“You’re welcome,” she nodded back, also laughing.
And then I eyed the unopened footlocker, somewhat puzzled. She had said “two” presents just a moment ago, and yet two presents wasn’t what she mentioned earlier. So now that I had safely gotten past the first hurdle of what merely turned out to be a jacket, this second present likewise threatened to prove far beyond my own ability to reciprocate.
“As for the other present,” she said “please don’t open it yet.”
“No?” I asked. “Any hints as to what it is?”
“It’s a little more than I originally intended --but what price can I possibly place upon my being alive?” And now I knew for certain that this second gift cost far more than a mere jacket. She continued: “So with that in mind, I must once again insist: you are free to sell it if you like, but please --as I stipulated before-- please don’t ever try to give it back to me.”
“So ... when do I get to open it?”
“After I’ve gone.”
I glanced at the clock: two-fifteen. Larry would be back by five-thirty to pick up Catherine.
“That’ll be too soon,” I said.
She smiled at me. “Do we really have to say good-bye for good?” she asked.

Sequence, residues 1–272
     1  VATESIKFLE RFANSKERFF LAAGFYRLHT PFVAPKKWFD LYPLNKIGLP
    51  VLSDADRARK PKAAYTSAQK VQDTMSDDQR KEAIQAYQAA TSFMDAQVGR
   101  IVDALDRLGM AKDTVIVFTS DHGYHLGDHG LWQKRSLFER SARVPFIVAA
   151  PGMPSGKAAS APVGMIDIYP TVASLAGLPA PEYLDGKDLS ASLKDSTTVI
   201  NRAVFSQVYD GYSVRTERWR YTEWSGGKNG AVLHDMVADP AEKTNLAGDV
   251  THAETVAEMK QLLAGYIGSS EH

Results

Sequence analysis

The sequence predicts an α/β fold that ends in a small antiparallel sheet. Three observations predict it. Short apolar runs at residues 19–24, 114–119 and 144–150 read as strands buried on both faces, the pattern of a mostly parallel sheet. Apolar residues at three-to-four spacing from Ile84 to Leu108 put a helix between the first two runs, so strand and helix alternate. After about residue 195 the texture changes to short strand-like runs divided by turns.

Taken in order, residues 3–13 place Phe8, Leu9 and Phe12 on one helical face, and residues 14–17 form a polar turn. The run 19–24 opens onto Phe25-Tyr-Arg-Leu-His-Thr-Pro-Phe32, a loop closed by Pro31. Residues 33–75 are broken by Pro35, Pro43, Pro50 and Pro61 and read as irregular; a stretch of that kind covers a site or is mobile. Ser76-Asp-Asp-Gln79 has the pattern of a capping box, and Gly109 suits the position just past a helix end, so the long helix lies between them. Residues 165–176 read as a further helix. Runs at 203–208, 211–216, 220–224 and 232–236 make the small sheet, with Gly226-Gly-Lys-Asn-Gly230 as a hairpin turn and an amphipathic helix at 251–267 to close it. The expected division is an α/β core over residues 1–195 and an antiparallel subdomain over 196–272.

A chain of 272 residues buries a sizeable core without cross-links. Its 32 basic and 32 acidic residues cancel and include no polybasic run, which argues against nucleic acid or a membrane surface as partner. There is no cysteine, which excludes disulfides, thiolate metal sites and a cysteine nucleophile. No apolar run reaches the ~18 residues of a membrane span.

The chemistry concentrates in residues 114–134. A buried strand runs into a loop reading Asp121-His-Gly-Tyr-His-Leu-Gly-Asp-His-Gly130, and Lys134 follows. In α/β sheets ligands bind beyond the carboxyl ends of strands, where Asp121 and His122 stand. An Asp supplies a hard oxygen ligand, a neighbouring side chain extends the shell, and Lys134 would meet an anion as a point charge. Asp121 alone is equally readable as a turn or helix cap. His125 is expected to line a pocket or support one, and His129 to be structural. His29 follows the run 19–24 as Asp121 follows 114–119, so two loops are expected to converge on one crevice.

“Yes,” I said, looking away.
“Well then,” she sighed, “let’s stick with the original plan: this needs to be a good-bye worth remembering.”
I laughed and looked back to her again. I got off the desk and walked to her chair. I stood closely in front of her and took both her hands and held them, caressing them.
“You’re sure I won’t hurt you?” I asked softly.
“No,” she shook her head with a smile, causing me a moment of worry and also causing me to stop the hand-caressing. She continued: “I’m not sure at all about that. I’ve found it difficult enough to avoid hurting myself these last few days. But I am confident you’ll try your very best not to. And that’s good enough for me.” Her answer relieved me and my worry gave way to my former smile. I resumed stroking her hands.
“I don’t have any protection,” I shook my head, still caressing her hands.
“I have that taken care of,” she assured me.
I nodded. I stopped the hand caressing and merely held her hands now. Then I leaned over and kissed her.
-------------------End of Chapter 32--------------------